United Way: 2 in 5 Ohio households struggle to afford basics


COLUMBUS — Two in 5 Ohio households are struggling to come up with enough resources to provide basic necessities, according to a United Way study released Wednesday.

The study is part of a nationwide effort by the charitable organization to inform policy and budgetary debates by local and state governments and community-based organizations, said Ohio United Way president and CEO Steven Hollon.

“Our role is to provide useful information to policymakers and policy shapers, and to kind of be the conveners of public discussion on the possible solutions to the concerns raised by the report,” he said.

Ohio’s is the 15th state report the United Way has released on the subject nationally. It found that nearly 1.8 million Ohio households have difficulty covering a “household survival budget” of housing, child care, food, transportation and health care.

Fourteen percent of Ohio households live in poverty. Another 26 percent fall into the growing category of working-poor households that the United Way dubs “ALICE,” an acronym for Asset Limited, Income Constrained and Employed.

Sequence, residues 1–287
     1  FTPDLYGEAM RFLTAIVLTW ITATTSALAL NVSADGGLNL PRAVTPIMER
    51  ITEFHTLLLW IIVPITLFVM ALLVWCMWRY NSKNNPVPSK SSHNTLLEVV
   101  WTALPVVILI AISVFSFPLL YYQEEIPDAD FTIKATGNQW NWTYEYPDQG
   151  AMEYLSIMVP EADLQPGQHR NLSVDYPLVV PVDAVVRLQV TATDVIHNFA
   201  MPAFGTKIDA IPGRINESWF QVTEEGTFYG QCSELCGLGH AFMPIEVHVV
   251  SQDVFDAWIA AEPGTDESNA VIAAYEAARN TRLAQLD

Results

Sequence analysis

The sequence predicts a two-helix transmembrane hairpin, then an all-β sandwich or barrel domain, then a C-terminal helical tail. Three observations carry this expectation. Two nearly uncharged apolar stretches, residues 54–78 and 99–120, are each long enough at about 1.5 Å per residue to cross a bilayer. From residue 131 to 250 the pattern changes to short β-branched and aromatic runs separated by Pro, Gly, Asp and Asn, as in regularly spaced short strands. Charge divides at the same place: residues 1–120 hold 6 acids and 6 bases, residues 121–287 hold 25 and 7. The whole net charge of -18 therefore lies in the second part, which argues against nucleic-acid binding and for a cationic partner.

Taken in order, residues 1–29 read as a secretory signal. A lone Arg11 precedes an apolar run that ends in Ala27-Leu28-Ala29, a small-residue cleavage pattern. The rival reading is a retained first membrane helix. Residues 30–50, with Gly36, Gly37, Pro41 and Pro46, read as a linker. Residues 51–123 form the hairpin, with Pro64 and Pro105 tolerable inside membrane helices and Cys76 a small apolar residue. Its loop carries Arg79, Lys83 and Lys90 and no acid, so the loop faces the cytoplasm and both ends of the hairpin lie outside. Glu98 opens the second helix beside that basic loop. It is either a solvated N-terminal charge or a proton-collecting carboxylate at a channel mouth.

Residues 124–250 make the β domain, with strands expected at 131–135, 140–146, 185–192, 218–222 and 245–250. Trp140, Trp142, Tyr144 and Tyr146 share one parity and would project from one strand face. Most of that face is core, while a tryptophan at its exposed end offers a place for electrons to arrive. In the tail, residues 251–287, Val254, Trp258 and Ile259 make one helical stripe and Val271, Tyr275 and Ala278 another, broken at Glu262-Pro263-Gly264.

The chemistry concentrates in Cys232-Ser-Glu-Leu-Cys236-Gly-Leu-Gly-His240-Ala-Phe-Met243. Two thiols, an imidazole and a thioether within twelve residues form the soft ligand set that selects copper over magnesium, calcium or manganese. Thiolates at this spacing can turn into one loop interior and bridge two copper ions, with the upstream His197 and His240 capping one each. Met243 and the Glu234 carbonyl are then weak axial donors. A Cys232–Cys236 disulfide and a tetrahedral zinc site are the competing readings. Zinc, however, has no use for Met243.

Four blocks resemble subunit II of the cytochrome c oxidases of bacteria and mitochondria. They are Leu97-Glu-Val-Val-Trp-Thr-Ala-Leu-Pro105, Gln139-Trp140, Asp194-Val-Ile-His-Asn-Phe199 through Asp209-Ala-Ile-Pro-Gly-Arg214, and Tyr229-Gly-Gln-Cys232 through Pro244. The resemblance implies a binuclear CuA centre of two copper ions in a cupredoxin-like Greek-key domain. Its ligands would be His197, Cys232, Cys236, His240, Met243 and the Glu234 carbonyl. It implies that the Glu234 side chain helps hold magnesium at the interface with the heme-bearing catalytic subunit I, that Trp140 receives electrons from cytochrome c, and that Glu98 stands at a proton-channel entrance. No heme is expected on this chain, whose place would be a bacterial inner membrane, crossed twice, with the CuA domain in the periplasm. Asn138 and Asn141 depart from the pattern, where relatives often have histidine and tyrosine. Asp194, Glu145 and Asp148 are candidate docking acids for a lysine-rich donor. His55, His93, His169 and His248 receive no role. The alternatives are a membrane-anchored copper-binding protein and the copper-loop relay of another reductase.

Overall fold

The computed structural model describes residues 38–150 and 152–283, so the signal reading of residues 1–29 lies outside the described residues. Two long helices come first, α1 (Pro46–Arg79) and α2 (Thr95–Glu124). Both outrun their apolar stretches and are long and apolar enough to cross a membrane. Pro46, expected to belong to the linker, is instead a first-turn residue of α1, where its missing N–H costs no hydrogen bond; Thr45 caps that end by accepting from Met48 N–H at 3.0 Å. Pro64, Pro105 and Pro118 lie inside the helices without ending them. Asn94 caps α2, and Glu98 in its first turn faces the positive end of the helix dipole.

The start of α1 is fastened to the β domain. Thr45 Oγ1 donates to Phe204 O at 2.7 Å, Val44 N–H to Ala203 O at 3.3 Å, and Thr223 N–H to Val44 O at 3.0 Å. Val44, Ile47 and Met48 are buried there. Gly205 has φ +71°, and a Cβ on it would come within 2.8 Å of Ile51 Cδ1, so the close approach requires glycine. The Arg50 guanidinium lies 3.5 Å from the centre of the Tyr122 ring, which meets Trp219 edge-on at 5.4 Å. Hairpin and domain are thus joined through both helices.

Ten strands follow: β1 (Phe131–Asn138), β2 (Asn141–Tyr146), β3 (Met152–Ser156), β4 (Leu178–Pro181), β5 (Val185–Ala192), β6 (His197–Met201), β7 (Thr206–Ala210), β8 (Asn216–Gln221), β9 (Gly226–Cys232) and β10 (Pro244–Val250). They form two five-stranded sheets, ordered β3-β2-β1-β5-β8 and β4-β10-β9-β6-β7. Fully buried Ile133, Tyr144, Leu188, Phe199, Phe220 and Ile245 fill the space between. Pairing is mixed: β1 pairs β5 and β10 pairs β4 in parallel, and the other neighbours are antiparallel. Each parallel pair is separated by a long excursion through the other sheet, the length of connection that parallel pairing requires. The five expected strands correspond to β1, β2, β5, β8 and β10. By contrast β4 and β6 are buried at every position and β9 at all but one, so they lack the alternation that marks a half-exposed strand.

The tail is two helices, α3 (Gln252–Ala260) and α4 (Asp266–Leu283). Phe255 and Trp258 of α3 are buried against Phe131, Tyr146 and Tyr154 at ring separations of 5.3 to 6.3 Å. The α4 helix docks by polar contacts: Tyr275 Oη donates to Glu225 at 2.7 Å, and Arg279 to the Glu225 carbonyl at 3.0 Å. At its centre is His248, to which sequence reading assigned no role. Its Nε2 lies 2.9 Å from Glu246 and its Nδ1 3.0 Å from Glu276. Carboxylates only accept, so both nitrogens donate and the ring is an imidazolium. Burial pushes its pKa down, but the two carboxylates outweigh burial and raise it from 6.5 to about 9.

The combined percentage stands at 50 percent or higher in 11 of Ohio’s 88 counties, most located in southeastern Ohio. Those are Noble, Morgan, Athens, Meigs, Vinton, Gallia, Marion, Jackson, Pike, Adams and Fayette.

“Oftentimes, whether they’re average citizens or well-informed policy people, (people) have a tendency to think it’s concentrated in cities,” he said. “In terms of total numbers, maybe. But, in terms of percentages, it’s perhaps more acute in the rural areas.”

The organization defines ALICE households as earning wages that are above the federal poverty level but still considered low.

The study found that 67 percent of Ohio jobs pay less than $20 an hour. They can include cashiers, child care workers, food service personnel, librarians, bank tellers, health care aides, repair technicians, landscapers and auto mechanics.

Hollon said United Way plans to provide copies of the report to members of the Ohio General Assembly, statewide elected officials, boards of county commissioners and others.

By Julie Carr Smyth

Associated Press

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